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Infrastructure Development

Volume 613: debated on Tuesday 19 July 2016

There are 40 schemes in the west midlands in the infrastructure pipeline, with a total value of £7.6 billion. More than 300 infrastructure schemes have been delivered in the west midlands since 2010. There are 88 projects in the north-west in the infrastructure pipeline, with a total value of £34.5 billion. More than 240 infrastructure schemes have been delivered in the north-west since 2010.

I congratulate my right hon. Friend on his new role. The Rugeley B power station site is truly a hub of connectivity, where the national grid, broadband and rail infrastructure all come together, and it is an ideal location for redevelopment. Will my right hon. Friend outline the assistance that the Government can provide to ensure the speedy redevelopment of the site, and will he meet me to discuss the possibility of creating a Rugeley enterprise zone on this strategically important site in the west midlands?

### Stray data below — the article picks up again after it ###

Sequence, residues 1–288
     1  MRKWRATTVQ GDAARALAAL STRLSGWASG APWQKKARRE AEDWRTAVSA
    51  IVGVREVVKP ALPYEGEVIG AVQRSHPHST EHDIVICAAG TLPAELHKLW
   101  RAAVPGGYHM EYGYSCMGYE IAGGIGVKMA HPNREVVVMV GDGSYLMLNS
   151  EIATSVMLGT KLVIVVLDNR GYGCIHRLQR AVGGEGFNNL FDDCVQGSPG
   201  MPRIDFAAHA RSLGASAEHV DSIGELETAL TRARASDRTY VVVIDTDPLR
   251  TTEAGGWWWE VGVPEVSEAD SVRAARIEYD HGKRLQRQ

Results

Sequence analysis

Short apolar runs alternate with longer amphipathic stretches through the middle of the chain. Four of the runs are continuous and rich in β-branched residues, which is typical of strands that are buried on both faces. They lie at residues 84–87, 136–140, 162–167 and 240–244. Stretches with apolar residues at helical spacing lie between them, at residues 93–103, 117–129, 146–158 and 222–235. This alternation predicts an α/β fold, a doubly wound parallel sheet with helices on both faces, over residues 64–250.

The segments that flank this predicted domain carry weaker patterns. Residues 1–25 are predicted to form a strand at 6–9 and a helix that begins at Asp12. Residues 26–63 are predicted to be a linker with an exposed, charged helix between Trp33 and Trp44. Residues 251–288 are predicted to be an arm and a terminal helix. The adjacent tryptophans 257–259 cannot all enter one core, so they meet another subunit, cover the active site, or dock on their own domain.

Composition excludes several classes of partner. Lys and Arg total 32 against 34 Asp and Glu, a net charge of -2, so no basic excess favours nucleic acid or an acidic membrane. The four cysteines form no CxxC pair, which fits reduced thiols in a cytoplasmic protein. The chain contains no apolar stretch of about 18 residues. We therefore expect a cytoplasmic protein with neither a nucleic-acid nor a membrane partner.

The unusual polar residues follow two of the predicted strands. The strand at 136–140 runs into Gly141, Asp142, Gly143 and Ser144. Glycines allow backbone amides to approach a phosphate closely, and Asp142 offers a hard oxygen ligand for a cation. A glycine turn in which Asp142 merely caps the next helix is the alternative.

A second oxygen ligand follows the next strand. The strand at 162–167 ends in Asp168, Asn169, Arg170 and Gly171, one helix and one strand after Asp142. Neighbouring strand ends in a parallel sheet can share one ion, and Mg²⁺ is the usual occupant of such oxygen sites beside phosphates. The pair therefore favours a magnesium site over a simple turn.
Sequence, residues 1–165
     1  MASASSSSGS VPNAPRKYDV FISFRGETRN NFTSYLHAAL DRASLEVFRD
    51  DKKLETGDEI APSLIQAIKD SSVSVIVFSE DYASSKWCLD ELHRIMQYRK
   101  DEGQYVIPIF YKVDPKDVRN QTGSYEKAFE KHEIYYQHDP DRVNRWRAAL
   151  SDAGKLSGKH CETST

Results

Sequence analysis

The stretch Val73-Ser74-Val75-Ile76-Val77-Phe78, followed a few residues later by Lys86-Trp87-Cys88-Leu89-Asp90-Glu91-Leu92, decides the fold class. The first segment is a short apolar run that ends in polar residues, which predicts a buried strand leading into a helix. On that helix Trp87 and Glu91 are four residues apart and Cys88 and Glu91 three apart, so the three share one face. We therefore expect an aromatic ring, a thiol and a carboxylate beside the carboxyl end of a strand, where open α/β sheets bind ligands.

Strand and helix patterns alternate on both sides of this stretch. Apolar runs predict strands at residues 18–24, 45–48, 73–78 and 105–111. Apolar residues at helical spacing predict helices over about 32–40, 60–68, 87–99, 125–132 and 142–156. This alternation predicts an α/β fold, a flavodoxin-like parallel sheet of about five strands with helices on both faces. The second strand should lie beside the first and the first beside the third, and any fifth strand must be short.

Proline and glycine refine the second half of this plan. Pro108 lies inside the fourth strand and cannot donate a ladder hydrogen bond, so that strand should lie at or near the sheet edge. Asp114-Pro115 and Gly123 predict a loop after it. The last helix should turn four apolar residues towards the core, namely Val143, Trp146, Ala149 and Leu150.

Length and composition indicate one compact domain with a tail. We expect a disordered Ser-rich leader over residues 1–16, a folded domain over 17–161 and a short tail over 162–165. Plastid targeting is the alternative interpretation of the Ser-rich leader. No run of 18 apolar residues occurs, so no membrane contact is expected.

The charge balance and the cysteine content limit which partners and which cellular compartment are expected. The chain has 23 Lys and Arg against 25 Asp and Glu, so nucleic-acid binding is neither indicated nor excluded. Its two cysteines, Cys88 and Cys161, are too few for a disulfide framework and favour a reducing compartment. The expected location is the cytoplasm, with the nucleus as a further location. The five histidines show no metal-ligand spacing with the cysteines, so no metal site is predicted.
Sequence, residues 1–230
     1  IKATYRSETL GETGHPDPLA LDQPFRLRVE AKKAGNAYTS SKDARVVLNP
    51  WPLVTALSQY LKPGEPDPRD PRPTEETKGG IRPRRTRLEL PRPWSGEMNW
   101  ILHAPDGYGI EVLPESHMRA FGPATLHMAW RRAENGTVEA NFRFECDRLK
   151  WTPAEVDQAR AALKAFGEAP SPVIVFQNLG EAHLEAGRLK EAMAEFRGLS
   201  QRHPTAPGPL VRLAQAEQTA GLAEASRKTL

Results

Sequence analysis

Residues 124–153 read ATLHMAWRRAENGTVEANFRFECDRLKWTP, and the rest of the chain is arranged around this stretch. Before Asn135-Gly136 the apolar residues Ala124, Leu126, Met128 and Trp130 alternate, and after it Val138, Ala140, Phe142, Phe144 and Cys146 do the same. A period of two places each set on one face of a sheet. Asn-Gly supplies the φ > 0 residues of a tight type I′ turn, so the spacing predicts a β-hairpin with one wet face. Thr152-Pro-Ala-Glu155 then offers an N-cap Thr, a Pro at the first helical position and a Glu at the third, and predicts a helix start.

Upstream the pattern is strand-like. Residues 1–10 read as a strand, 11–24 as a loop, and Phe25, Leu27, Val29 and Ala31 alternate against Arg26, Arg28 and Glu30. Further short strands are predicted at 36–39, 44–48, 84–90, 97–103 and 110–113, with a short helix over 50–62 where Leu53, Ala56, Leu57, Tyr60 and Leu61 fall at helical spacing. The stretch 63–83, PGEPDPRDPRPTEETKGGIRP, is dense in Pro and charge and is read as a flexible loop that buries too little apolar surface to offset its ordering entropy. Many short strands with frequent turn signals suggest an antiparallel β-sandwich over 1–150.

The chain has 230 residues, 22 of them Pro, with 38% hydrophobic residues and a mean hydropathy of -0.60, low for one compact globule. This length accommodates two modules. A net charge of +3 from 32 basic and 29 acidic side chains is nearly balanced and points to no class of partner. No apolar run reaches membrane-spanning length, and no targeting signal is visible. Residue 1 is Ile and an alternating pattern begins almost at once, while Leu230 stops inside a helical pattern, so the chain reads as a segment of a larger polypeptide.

I thank my hon. Friend for her kinds words, and for her question. It is not the first representation that I have received in the few days in which I have been doing this job, and I suspect that it might not be the last I receive today. I would be delighted to meet her to discuss the enterprise zone and the site that she talks about. It is important that we have world-class infrastructure. If we can bring that together in various forms on particular sites, it will enable us to make further and faster progress. I look forward to discussing that with her in future.

May I too congratulate my right hon. Friend on his promotion? The recently announced infrastructure bonds will help to improve productivity and promote economic growth across the north-west. Will he outline the projects that could be eligible for this funding?

I am not sure that this morning is the point at which I can provide specific examples, but I can say that this Government are very ambitious about infrastructure. As my right hon. Friend the Chancellor has pointed out, infrastructure is one of the ways in which we can drive up productivity. That is one of the great challenges that we face, but we as a Government are determined to address it.